This Cartagena summit was the sixth summit, the first was in 1994. The summit was a critical event for US relations in Latin America. Many political analysts say that the US’s influence in Latin America is steadily decreasing, and after the summit I would agree. The summit ended with no final decisions made. This was largely due to the US standing firm in its outdated ways while Latin American leaders disagreed with them. This is in part due to Latin America’s decreasing dependence on US trade and investment. “It seems the United States still wants to isolate us from the world, it thinks it can still manipulate Latin America, but that’s ending,” said Bolivian President Evo Morales, “What I think is that this is a rebellion of Latin American countries against the United States.”

Relations with Cuba is where divide was most apparent. The US and Canada were the only countries at the summit that were opposed to inviting Cuba to future summits. All the other countries refused to agree to continue to exclude Cuba. In fact, Ecuador’s president, Rafael Correa did not attend the summit in protest to the exclusion of Cuba. A crowd outside the summit protested for the closure of US’ Guantanamo base. Many in the United States agree that the United State’s stance towards Cuba is outdated and defected. Many of the Latin American leaders believe that in order to democratize Cuba you must interact and participate with it. Which I agree with, as long as human rights and democracy must be promoted during dialogue.

I don’t believe that the US’s poor showing at the summit was directly Obama’s fault. In fact, many of the Latin American presidents applauded Obama for genuinely listening to concerns and being polite. He was able to break the stereotype of US Presidents being arrogant and authoritative. (Side Note: This stereotype always reminds me of the Billy Bob Thornton scene in Love Actually ) And while I do find Obama’s Latin American policies thus far the most frustrating part of his term I cannot entirely blame him for taking an outdated stance on issues brought up at the summit. Although Obama did make changes to Cuba policy, it was not enough and he still supports the embargo. However, it is election year and Obama needs Florida’s vote and the embargo is strongly supported by the anti-Castro population in Florida. Unfortunately, even if Obama did want to take a new stance on policy he doesn’t have the room to with the election coming up.

Another hot button issue at the summit was the drug war and drug policy. It has become apparent that several Latin American countries have become fed up with the violence plaguing their countries due to US drug demand. Countries like Ecuador, Brazil and Colombia have started the decriminalization of drug possession. The big influence in the drug legalization talk has been Guatemala’s newly elected president Otto Perez Molina. President Santos of Colombia has also agreed that drug legalization should be considered. But the US took a firm stance against legalization or decriminalization. The fact is US drug consumption and US arms trade has made Latin America, especially Central America, increasingly violent and dangerous. Homicide rates due to drug cartels and drug trade is on a steady rise in many Latin American countries. While this is a problem created by the US, Latin America needs to focus on corruption as well as failed policy in order to start reducing drug trade.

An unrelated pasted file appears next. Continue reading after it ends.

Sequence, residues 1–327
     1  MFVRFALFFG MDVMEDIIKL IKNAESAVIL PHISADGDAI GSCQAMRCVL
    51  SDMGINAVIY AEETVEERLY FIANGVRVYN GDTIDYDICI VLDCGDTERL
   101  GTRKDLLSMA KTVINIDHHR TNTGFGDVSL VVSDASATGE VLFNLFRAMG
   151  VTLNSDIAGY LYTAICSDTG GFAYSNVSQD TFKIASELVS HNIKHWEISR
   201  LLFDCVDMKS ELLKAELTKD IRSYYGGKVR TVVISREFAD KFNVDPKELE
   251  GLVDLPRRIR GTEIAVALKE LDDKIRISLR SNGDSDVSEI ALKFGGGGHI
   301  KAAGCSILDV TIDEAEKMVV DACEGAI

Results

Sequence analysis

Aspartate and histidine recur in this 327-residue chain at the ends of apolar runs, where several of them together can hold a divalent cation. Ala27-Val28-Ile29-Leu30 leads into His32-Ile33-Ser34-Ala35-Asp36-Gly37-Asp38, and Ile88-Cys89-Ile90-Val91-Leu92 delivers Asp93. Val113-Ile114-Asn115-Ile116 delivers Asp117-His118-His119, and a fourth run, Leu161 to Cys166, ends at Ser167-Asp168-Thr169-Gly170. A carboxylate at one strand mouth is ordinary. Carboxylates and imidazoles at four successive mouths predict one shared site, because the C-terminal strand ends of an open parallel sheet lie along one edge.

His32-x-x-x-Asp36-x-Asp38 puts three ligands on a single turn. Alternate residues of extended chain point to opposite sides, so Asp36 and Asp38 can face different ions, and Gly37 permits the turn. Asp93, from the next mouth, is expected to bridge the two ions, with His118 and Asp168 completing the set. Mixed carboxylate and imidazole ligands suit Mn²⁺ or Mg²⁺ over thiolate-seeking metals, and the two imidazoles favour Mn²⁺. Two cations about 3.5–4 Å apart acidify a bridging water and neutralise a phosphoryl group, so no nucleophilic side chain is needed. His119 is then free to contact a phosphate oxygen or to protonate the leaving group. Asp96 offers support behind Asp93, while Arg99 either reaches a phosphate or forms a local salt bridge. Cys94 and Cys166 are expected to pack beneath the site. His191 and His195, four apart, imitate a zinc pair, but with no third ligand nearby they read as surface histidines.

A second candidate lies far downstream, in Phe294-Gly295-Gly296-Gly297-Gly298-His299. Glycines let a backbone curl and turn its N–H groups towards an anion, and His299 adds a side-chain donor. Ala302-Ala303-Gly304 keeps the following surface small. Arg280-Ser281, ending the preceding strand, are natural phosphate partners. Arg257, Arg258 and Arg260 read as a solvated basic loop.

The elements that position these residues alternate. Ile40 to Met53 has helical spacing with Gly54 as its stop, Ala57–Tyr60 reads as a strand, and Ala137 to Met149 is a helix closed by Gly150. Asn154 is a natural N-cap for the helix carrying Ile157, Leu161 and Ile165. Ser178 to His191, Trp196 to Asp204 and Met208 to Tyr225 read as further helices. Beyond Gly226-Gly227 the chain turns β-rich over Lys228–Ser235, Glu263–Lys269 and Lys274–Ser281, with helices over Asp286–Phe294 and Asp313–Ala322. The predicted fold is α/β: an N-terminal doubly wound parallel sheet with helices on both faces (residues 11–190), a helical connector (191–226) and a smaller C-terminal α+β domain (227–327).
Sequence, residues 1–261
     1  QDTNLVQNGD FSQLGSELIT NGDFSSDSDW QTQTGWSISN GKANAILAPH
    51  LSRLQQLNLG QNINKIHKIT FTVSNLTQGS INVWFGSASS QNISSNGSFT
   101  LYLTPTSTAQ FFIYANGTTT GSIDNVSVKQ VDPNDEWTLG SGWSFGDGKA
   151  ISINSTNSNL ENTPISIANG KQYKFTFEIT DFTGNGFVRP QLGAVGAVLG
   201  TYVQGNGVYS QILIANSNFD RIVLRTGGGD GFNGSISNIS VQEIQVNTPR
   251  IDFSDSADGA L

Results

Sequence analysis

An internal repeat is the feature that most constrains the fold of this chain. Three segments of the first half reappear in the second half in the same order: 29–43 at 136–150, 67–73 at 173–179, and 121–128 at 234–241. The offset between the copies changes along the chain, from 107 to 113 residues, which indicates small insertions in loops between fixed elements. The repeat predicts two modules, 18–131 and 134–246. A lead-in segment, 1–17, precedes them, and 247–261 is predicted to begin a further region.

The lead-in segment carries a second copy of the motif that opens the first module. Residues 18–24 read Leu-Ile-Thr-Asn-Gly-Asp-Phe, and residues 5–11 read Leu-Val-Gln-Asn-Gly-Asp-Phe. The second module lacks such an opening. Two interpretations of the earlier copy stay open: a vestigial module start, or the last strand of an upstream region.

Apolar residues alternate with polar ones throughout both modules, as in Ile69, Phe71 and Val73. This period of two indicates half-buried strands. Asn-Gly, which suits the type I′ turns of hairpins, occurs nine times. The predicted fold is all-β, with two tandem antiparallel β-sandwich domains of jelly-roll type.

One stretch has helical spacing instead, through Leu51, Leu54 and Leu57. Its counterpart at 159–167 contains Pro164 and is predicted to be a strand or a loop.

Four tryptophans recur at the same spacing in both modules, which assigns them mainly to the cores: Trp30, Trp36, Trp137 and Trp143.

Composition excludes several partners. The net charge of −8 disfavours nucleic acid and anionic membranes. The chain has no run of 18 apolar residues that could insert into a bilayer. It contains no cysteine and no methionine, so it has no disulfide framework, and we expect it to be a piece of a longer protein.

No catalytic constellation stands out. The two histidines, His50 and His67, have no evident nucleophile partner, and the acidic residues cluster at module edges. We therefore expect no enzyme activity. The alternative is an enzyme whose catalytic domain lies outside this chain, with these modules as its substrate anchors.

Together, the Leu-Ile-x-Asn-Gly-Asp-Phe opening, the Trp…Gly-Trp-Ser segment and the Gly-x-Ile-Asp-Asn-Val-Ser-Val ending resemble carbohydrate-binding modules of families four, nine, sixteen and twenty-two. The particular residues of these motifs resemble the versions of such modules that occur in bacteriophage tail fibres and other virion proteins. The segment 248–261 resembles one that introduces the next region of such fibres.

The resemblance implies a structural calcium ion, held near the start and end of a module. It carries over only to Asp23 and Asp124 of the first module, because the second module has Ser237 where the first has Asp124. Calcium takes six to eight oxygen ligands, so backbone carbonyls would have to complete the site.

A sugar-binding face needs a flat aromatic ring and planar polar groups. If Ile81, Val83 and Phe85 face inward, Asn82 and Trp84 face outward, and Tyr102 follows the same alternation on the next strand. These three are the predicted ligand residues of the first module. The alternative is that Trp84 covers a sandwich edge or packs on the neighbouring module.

The one subject that the US did want to focus on was the newly signed Free Trade Agreement between the US and Colombia. The agreement was finalized while Obama was in Cartagena and will be implemented May 15th. The United States is patting itself on the back for demanding improved labor rights in Colombia before signing the agreement. Colombia is the most dangerous country for trade unionists, labor organizers are constantly being murdered. Labor and human rights groups insist that the promises made in the Labor Action Plan have not been fulfilled and human rights abuses and labor organizers continue to be assassinated. When Obama was first running for president he said that he would not support the Free Trade Agreement with Colombia due to the high violence against unions, however once again the US feels they can put a band-aid on a large wound and ignore the problem.

What the summit was was a reminder of Latin America’s increasingly progressive policies, and the United States’ ancient stance on policies in the western hemisphere. Latin America is breaking away from the traditional way of doing things, becoming less dependent on the US. After the summit it was evident that the US is loosing influence in Latin America. It is hopeful that Latin America is gaining independence from Washington, and is now willing to stand up against the US’ bad policies. My hope is that after Obama wins the election this year he will take a stronger stance against US outdated policies in Latin America. Because even as Latin America becomes less dependent on the US the two regions will always need each other, geography dictates it. Hopefully, the next summit will be much more productive, and with far less scandal.

The US backs Honduras’ instability and deaths

28 Mar